Hull, Mikita statues are traffic stoppers


Hull, Mikita statues are traffic stoppers

The black covers fell revealing Stan Mikita and Bobby Hull's statues, bronze figures sculpted and painted with the trademark red Chicago Blackhawks sweaters.

"Here we are, linemates again, forever in bronze, outside the great Madhouse," Hull said. "Saluting one of the greatest 1-2 punches in the history of the game."

Indeed, two of the most prolific Blackhawks of all time are now a part of the United Center landscape forever after their statues were unveiled prior to the Blackhawks' game against the Colorado Avalanche on Saturday night. For the duo, who were welcomed back as organization ambassadors a few years ago, Saturday night's dedication was a thrill.

And they loved the sculpted results.

"I've never been called beautiful," Mikita said. "But I'm gonna call myself beautiful."

The gorgeous bronze statues, which were sculpted by the RotblattAmrany Fine Art Studio are located on the northeast corner of the arena.They are a fitting tribute to the two Hall of Famers who helped the Blackhawks to their 1961 Stanley Cup title.

Mikita was awed by the occasion.

"When Mr. (John) McDonough proposed the idea for the statues had to sit down, I was overwhelmed," said Mikita. "That this immigrant from Slovakia would be honored for his hard work with this incredible statue is something. I never thought it would happen."

Among those Mikita dedicated the evening to were his birth parents "who gave me life," and his adopted parents "who gave me freedom."

Hull and Mikita were a part of some of the Blackhawks' great vintage years. Now they'll always be part of the landscape.

"Those guys should be really proud that every time someone comes into the building they can visit Stan and Bobby and the memories," coach Joel Quenneville said. "They're great ambassadors for our team."

How Blackhawks plan to handle Corey Crawford's workload

How Blackhawks plan to handle Corey Crawford's workload

Corey Crawford is back and it didn't look like he skipped much of a beat. The Blackhawks were handed their first regulation loss of the season to the Arizona Coyotes on Thursday, but the 33-year-old netminder stopped 27 of 30 shots (.900 save percentage) in his season debut and made several timely saves to keep his team in it.

In the larger picture, it was a win based on how well Crawford looked between the pipes.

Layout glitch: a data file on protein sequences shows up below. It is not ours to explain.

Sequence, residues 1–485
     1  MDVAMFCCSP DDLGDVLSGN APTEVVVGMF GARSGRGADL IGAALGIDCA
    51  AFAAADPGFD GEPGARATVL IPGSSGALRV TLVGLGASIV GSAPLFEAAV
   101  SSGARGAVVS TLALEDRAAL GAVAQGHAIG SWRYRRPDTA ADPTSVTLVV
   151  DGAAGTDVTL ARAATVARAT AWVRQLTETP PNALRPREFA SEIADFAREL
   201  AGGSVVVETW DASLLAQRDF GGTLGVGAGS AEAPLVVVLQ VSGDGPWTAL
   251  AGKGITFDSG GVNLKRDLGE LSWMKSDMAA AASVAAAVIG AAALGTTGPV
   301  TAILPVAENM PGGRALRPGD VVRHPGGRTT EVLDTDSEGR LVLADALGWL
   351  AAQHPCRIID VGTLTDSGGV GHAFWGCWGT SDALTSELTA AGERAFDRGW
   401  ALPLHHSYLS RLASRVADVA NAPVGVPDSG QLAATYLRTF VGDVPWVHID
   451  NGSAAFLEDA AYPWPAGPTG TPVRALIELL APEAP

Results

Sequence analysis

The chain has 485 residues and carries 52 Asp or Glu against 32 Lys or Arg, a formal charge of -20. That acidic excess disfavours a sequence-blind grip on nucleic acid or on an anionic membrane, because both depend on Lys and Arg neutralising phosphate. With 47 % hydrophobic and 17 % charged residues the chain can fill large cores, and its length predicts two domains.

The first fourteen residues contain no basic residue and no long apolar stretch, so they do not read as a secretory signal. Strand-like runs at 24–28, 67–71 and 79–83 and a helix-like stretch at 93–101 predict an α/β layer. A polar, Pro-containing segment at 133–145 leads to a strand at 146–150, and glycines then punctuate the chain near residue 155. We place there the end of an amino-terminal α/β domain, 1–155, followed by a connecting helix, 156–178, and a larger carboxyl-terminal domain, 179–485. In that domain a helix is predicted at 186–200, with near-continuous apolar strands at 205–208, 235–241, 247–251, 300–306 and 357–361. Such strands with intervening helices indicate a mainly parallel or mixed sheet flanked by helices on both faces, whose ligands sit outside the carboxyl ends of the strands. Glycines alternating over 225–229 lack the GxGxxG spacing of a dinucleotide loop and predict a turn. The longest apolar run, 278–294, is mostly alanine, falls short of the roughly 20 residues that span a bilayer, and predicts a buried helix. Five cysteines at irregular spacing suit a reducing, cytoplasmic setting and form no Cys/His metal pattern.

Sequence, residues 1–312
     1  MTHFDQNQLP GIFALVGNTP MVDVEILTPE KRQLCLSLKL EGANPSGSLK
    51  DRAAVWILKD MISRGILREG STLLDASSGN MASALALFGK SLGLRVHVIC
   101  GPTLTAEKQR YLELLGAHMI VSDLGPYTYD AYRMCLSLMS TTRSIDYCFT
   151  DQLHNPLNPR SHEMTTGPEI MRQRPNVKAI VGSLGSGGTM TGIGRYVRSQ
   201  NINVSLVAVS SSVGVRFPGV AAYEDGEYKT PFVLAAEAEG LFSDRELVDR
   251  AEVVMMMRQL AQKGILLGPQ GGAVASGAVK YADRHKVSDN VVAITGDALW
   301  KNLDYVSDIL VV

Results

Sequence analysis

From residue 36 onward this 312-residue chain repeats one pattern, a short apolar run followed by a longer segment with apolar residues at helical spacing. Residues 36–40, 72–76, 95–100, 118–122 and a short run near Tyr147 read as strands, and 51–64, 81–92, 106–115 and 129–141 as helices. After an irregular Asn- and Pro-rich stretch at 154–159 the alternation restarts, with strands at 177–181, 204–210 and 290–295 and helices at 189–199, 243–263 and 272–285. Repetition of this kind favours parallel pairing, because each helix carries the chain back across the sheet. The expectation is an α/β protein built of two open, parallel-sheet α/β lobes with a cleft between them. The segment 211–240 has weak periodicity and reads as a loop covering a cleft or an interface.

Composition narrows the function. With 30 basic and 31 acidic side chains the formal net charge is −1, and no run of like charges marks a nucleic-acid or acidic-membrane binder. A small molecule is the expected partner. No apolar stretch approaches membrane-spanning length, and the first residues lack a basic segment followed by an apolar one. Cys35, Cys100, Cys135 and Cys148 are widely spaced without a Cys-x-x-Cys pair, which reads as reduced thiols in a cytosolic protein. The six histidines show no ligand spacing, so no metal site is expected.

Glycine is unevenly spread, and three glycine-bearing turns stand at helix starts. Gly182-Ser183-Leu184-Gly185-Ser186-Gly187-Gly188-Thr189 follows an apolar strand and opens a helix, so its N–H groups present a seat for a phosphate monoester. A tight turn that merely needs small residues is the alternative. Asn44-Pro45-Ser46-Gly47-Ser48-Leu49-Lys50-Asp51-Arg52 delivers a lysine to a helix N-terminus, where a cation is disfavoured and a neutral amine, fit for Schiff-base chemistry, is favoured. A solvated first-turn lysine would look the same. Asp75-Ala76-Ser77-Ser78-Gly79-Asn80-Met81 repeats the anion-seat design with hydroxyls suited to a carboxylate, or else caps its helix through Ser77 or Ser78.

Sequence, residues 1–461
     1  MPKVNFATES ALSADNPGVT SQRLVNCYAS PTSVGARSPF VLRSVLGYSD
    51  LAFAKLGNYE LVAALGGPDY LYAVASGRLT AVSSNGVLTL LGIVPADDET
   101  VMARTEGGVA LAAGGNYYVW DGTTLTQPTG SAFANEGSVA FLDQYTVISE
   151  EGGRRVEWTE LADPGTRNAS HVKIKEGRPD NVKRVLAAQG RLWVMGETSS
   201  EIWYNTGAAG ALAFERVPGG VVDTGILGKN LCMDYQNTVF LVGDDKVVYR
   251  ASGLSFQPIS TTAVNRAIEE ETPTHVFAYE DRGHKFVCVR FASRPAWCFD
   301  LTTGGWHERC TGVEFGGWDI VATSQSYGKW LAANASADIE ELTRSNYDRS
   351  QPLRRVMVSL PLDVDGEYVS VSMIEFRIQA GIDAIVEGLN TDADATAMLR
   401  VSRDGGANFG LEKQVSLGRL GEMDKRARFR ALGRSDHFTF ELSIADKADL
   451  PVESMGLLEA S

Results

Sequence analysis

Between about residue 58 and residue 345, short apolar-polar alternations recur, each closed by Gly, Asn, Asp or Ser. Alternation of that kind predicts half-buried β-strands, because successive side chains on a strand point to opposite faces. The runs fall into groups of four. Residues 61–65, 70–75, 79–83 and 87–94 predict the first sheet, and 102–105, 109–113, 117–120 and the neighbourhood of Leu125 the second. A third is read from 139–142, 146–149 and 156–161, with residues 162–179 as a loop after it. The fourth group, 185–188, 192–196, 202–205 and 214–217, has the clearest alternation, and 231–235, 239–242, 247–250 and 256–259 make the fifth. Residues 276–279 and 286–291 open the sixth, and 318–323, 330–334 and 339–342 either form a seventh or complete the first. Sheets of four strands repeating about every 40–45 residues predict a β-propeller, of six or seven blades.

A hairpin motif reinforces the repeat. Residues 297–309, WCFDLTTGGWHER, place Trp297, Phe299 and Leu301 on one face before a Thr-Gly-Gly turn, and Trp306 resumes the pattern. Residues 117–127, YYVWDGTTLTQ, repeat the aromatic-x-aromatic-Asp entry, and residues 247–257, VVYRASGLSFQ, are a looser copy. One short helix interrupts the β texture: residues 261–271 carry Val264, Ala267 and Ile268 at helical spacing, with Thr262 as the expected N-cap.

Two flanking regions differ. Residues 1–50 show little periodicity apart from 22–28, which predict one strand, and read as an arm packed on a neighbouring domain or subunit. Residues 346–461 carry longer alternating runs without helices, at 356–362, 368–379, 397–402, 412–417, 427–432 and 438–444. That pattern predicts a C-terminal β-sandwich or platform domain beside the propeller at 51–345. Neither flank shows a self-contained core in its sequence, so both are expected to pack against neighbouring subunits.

"Yeah, I think it is," coach Joel Quenneville said after practice on Friday. "It's one of things we were wondering, how he would handle post-game and how he came in today. Very encouraging signs. He felt good in all aspects of what he went through and dealt with, and practiced well today too, so that was good."

The first one is in the books.

But what's the plan going forward? Will Crawford be on a "pitch count" or will they treat him like they have in past seasons when he was healthy?

In the past, Crawford has generally started somewhere in between 55-58 games per season. Part of that has been because of injuries. Another part is the Blackhawks have had reliable backups, which allowed them to give Crawford an extra night off here and there to keep him fresh.

It's not unreasonable, though, to think Crawford could flirt with 50 starts, considering he missed only five games to start the season. And they can still accomplish that by playing it safe.

The Blackhawks have 13 more back-to-backs this season, which gives them the opportunity to start Cam Ward at some point in each of them. That leaves room for another 15 or so starts to sprinkle in for Ward that could serve as rest days for Crawford and still being on track to start around 50.

Obviously, the Blackhawks want to be careful with how much they ask of Crawford because concussions are tricky to deal with and every player responds differently to it.

His return comes at a time where the Blackhawks are slated to play seven games in 11 days after playing just two in the previous 10. Thursday marked the start of that stretch.

"He’ll tell us how he feels and we’ll go from there and make those decisions," Quenneville said.

The Blackhawks have been on record saying they prefer not to carry three goaltenders. But in this case it makes sense. At least in the short term.

Quenneville said Friday that the Blackhawks will reevaluate the situation at the end of the weekend following the beginning of a busy stretch where they'll play three games in four days.

"Yeah, that’s the mindset," he said. "Let’s see how we handle these three in four and then we’ll address it."

Crawford is expected to start on Saturday in Columbus, making it his second start in three days. That's when they'll get a better sense of how he's handling things.

If it were up to him, Crawford said he feels he's prepared for it.

"Yeah, sure," Crawford said. "Why not? I've been working hard with [strength and conditioning coach Paul Goodman]. He's got me where I need to be, so I'm in shape right now. Why not?"

Hawks Talk Podcast: Thoughts on Corey Crawford's season debut


Hawks Talk Podcast: Thoughts on Corey Crawford's season debut

In the latest Hawks Talk Podcast, Pat Boyle, Jamal Mayers and Charlie Roumeliotis recap Corey Crawford’s season debut after missing nearly 10 months with a concussion.

Mayers talks about the Kitty system that Niklas Hjalmarsson and Vinnie Hinostroza probably dealt with in their returns to Chicago.

The guys also discuss what’s next for Crawford, the upcoming matchup against Artemi Panarin and the Columbus Blue Jackets, and the Blackhawks’ biggest areas for improvement.

Listen to the full podcast here or via the embedded player below, and be sure to subscribe, rate us and write a review!